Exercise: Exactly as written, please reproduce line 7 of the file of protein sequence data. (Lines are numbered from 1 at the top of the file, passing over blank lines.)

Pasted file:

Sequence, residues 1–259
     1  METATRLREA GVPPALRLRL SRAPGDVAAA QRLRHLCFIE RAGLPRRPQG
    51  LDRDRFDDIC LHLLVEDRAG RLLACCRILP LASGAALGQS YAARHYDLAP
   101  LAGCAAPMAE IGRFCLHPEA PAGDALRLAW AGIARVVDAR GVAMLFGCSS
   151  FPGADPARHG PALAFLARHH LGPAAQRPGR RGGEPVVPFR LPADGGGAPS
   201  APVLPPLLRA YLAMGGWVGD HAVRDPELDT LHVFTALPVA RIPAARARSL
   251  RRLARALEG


   251  RRLARALEG